Just as in 2001 labour productivity in the market sector grew only slightly in 2002, at an average 0.2 percent. Such a low growth rate in production per labour year for two years in a row is very rare.
Decrease in production and labour volume
The slight growth in labour productivity in 2002 is the result of a decrease in the volume of value added and a slightly stronger decrease in labour volume.
Such a low growth rate is uncommon in itself, but very rare for two years in a row. In 1996 the growth of labour productivity also stagnated. In that year there was an opposite development: employment grew quickly, and was accompanied by an equivalent growth of value added.
Labour productivity market sector
Strong growth in telecom production
In 2001 and 2002 labour productivity was low in the manufacturing industry (0.1 percent on average) and in financial and corporate services (0.5 percent on average). Growth was relatively high in transport and communication (2.4 percent on average). In the telecom sector production rose by more than 8 percent on average, while employment did not increase. New technology and cost reduction pushed up efficiency in this sector. In trade and in the hotel and restaurant sector labour productivity fell by 1.2 percent in 2001 and 2002.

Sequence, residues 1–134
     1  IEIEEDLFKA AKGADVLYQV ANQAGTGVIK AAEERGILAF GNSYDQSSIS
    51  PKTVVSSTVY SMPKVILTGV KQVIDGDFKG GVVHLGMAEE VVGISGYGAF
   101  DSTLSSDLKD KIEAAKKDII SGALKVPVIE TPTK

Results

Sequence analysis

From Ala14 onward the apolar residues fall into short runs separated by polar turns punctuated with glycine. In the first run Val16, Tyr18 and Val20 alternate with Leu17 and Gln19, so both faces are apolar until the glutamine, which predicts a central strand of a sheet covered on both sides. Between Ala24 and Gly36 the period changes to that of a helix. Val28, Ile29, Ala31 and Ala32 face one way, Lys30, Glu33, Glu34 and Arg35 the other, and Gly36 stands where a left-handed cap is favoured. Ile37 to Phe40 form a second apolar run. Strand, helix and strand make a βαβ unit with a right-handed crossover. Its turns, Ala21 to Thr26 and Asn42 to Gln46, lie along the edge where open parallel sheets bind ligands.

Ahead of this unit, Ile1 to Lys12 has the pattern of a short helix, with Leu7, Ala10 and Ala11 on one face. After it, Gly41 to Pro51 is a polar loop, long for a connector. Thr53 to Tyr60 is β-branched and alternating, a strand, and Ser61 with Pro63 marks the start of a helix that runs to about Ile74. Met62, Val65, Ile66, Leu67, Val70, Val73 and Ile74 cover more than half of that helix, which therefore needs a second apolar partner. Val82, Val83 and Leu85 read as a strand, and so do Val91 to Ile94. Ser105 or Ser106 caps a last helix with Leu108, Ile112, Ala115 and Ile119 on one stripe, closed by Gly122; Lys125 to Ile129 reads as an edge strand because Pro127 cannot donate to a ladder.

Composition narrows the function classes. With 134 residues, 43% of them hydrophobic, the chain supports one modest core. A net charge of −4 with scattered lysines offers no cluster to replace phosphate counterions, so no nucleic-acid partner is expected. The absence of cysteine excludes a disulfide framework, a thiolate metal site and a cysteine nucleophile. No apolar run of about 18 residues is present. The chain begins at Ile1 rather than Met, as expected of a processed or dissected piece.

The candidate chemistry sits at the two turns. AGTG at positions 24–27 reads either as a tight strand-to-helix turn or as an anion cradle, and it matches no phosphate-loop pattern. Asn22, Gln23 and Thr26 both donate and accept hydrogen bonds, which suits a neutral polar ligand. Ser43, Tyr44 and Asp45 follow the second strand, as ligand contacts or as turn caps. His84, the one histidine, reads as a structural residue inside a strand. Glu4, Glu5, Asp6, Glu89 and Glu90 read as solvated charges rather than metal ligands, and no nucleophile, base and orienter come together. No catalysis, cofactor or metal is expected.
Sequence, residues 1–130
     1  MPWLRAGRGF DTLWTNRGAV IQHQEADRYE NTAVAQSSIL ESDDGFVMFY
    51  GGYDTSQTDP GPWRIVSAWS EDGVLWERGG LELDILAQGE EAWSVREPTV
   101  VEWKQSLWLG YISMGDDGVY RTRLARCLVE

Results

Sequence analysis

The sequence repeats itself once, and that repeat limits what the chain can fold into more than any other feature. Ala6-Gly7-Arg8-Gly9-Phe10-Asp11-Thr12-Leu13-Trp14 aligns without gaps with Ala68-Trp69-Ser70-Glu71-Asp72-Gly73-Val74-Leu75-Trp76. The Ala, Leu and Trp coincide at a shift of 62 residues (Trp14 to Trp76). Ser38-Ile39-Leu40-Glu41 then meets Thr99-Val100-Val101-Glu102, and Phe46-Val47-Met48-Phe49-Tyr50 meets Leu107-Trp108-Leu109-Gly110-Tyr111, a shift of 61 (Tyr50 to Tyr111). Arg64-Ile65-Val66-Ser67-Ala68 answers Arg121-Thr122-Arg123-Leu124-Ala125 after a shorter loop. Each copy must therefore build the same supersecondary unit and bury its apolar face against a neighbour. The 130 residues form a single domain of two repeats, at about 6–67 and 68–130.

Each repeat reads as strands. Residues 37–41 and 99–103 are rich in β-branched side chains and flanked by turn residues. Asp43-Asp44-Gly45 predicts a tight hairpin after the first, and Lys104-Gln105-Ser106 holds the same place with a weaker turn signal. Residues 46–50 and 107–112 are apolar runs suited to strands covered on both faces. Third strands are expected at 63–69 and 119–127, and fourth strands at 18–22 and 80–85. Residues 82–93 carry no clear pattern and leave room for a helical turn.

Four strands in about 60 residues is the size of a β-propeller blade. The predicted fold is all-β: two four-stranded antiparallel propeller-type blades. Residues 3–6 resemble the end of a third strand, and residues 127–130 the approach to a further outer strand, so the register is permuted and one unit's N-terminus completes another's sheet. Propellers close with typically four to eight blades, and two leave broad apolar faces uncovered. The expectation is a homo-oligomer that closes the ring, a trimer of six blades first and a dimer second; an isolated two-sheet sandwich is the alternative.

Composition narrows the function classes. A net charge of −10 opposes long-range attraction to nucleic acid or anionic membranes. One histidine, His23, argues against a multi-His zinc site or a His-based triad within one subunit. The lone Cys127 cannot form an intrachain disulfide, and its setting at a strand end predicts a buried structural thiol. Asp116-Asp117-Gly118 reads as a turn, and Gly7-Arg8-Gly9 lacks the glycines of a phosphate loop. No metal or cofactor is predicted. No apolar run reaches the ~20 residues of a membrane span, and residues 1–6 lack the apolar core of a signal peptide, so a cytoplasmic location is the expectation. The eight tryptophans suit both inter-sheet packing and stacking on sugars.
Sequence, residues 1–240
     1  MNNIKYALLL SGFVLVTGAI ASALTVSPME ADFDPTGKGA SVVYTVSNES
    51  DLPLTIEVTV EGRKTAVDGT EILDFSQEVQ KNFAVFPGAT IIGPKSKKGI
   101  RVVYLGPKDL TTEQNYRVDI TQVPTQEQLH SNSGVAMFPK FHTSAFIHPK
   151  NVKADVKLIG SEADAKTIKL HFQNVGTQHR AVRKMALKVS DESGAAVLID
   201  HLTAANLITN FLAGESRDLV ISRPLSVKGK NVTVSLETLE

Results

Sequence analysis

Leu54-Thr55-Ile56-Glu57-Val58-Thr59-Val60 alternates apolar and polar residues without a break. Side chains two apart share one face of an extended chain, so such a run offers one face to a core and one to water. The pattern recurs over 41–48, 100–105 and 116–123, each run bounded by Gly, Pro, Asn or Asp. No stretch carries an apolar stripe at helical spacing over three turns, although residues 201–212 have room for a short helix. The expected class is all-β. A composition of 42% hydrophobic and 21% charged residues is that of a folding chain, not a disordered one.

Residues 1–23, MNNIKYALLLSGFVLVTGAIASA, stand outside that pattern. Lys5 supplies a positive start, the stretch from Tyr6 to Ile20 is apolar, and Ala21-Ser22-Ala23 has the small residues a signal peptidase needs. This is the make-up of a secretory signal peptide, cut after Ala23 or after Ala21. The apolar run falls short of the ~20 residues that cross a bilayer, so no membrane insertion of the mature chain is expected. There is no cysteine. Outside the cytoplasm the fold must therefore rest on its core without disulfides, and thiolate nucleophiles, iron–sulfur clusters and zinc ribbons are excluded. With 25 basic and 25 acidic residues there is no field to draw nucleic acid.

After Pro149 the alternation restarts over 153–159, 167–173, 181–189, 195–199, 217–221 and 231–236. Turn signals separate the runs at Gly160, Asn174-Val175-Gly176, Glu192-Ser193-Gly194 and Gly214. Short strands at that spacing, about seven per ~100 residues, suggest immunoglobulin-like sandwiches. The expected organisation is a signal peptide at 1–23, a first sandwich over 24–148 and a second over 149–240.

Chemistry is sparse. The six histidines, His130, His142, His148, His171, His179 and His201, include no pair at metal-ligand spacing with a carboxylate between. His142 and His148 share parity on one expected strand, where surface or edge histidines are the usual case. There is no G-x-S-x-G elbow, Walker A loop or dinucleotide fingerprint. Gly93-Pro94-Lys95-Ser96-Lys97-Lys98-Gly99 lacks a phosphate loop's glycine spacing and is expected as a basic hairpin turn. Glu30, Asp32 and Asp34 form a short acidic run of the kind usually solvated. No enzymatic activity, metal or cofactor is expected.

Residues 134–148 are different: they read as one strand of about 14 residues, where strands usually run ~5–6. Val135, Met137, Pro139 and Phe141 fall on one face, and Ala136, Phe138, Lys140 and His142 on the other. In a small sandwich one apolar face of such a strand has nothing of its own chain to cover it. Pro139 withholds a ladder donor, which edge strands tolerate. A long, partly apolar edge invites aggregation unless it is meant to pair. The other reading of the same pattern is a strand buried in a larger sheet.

Growth and stagnation
The fluctuations in the growth of labour productivity are caused by the fact that the developments in production and employment do not coincide.
Employment usually reacts with a delay to cyclical developments. Labour productivity grew by no less than 3.1 percent in 1994, the year of economic recovery, as the economy grew without employment increasing. Only in 1995 did employment begin to pick up again. Production and employment grew at the same rate in 1996. The latter was caused mainly by the strong increase of labour input in financial and corporate services.
In 2001 the growth of labour productivity stagnated in the market sector as economic growth dropped while labour input increased by 0.7 percent. In 2002 economic prospects deteriorated further and employment also decreased.
Labour productivity market sector, Europe and the Netherlands
In a European perspective the growth in labour productivity was high in the Netherlands. In the period 1996–2000 the five-year progressive average of labour productivity in the market sector was 1.7 percent. This is higher than the average labour productivity growth in all countries of the European Union (1.4 percent). This was mainly caused by higher economic growth in the Netherlands (3.7 percent) compared with the European Union (2.7 percent).
Frederik Heinsius and Gert-Jan van Steeg
Source: National accounts